Out of the 4 cards I’ve ever owned, only one has been non-Nvidia. Current card is Nvidia, yet I still think this serves them right. All the stunts they’ve pulled, especially the proprietary PhysX CRAP. They have grounds for complaint here.

    I would say only the consumer suffers, but to call low performance in your video game “suffering” would be foolish.

  11. RogerMellie says:

    Not sure on the ins and outs of this but I appreciate the sentiment behind NVidia’s post. Too many times companies employ head in sand tactics so let’s give some credit to a company being open.

  12. Ninja Foodstuff says:

    Not that it helps anyone who is having issues of course, but I haven’t experienced any problems with an EVGA GTX 670 with the “ultimate” preset. Is this only affecting specific cards?

    EDIT: Having just looked at the steam thread someone linked above, I see that much of what’s being discussed are missing camera effects, which it’s entirely possible I just didn’t notice were missing.

  13. Diziet Sma says:

    * if (tl;dr) { what xellfish said.;} *

    Is this really NVidia’s apology to make? Surely Square should be apologising. I mean the game is clearly heavily optimised for ATI, but surely the onus is on the developer not the graphics card manufacturer to ensure good performance and communicate with NVidia if there are performance issues. Unless NVidia ignored the bug reports as the game was pushing ATI as a brand.

    I’m an ATI owner so i’m pretty blown away by the graphics performance in the new TR, but I remember the problems with Rage on ATI. I never blamed ATI for them but iD Software.

  14. jimbonbon says:

    The issues are pretty substantial – running at Ultra settings (which includes tessellation) I am getting complete driver/GPU crashes resulting in a need to hard reset the whole system. I will be waiting for the next set of drivers and a patch before playing more, even though it seems I can avoid the issue by turning off some features.

    Also interesting to note that the game doesn’t work at all for me with the EVGA Precision OSD enabled – on launch I just get a big black window.

    What I have played of the game so far though, is awesome. Not quite as ‘interactive’ as you would hope but a really awesome and cinematic experience, especially in Surround.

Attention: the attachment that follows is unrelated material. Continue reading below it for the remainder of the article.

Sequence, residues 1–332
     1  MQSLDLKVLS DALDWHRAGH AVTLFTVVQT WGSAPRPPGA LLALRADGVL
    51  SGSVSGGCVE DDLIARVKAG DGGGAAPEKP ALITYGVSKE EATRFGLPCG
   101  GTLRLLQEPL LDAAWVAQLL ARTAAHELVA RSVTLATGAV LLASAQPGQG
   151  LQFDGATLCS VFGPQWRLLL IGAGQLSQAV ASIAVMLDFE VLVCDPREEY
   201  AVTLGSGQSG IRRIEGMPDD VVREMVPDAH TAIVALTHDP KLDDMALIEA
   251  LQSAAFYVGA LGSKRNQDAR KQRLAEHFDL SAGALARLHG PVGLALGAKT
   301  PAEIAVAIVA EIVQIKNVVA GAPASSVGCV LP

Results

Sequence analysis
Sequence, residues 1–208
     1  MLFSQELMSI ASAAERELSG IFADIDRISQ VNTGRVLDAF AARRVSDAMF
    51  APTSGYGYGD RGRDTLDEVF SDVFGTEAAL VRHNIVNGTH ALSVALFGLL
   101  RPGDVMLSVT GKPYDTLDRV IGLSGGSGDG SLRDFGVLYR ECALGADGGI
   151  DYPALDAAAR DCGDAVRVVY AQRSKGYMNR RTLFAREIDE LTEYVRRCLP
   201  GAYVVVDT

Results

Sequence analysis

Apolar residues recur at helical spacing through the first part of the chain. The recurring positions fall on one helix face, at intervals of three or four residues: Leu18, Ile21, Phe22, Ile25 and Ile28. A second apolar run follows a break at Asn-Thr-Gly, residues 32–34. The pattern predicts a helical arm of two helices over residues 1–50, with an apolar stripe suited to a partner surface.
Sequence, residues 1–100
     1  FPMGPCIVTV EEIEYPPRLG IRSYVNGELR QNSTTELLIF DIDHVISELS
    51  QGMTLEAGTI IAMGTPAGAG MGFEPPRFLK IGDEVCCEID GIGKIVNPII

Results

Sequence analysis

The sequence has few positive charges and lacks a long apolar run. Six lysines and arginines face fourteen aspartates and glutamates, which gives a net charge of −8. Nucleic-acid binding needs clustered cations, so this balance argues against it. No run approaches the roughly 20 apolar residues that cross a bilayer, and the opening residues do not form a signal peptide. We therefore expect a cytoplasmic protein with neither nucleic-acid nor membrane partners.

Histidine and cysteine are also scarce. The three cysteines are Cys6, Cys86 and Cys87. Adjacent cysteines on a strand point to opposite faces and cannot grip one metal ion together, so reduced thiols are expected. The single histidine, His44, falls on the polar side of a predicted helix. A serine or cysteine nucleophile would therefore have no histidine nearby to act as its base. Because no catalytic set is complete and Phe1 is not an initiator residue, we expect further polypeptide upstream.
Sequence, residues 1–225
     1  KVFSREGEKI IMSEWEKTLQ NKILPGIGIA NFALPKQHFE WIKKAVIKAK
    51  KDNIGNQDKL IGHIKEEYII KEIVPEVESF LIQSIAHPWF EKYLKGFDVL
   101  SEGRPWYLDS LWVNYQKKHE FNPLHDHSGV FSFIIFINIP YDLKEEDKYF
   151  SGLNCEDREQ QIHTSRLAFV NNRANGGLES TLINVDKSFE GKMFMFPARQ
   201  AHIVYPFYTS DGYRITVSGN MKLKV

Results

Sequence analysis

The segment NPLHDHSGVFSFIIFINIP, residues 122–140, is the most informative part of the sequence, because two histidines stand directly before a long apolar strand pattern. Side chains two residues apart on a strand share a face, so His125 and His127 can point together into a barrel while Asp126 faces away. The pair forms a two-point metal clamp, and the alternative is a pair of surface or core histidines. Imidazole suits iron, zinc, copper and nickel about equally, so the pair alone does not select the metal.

If AMD did get preferential access to code I wouldn’t be too surprised. It’s not very ethical and sucks for customers of the other vendor, but I have no doubt that the same has happened for NVIDIA before now.

  15. KodiaKKoolaid says:

    I have a gtx 560ti with newest beta drivers and the game runs flawlessly with tessellation/ssao on @ high settings.

    Perhaps this only affects higher-end cards.

  16. gruia says:

    never again Nvidia. this was the last straw :( ruined my purchase.

  17. squinky says:

    The hair situation bogs me down. I’ve a laptop with an AMD 6990M 2gb in it, and with the fancy hair situation it runs quite poorly, 20-30fps; with the hair off it runs flawlessly, I couldn’t say the framerate but I expect it’s at or above 60. Is the fancy hair supposed to cause so drastic a drop in performance? I thought it was supposed to just ‘work’ on AMD cards.

    • bstard says:

      ” I’ve a laptop “

    • Damn Skippy says:

      I’ve got the 6990M 2GB as well in my lappy, and yes turning on the hair crap drops my framerate like a rock. I basically turned off that and tesselation and it’s running really well now (tesselation seems to slow me down more than it’s worth in most games, so i generally turn that off anyway). I don’t think i’m getting 60FPS out of it, though, what are your other graphics settings? I mean, the card is about equivalent to a 6850, so while high end for a laptop it’s really just midrange, so I couldn’t expect to max things out for long, but really the portability and flexibility make it a worthwhile tradeoff for me.

  18. DMStern says:

    Remember when game-specific tweaks in drivers was considered cheating? Now it seems that’s all driver updates are.

  19. Tei says:

    Probably often we see errors in games that are causes by poorly programmed drivers. And we never see a apology by the makers of the video card. We always blame in these instances the game dev’s.

    So is somewhat weird to get here a apology by the videogame makers, for a game that apparently is not as smooth as should be in this particular hardware. Is this a admission of a error from NVidia? don’t sound like one. It sounds like taking blame for something themselves never did.

    Is cool, I suppose.

    Are the new consoles ATI or NVidia? maybe devs will change love interest now. Most games used to be made for NVidia first, and ATI second, maybe things could change.

    • Hahaha says:

      I believe they are both using ATI

    • Moraven says:

      PS4 and Wii U are AMD.

      New Xbox is not known yet.

      • theleif says:

        Isn’t it “confirmed” that the new XBOX will use a 6670-based AMD GPU ?

      • Wedge says:

        It’s all but confirmed as AMD, both processor and GPU. It’s kind of laughable because the PS4 and new Xbox thing are barely distinguishable in terms of hardware.

        • Sparkasaurusmex says: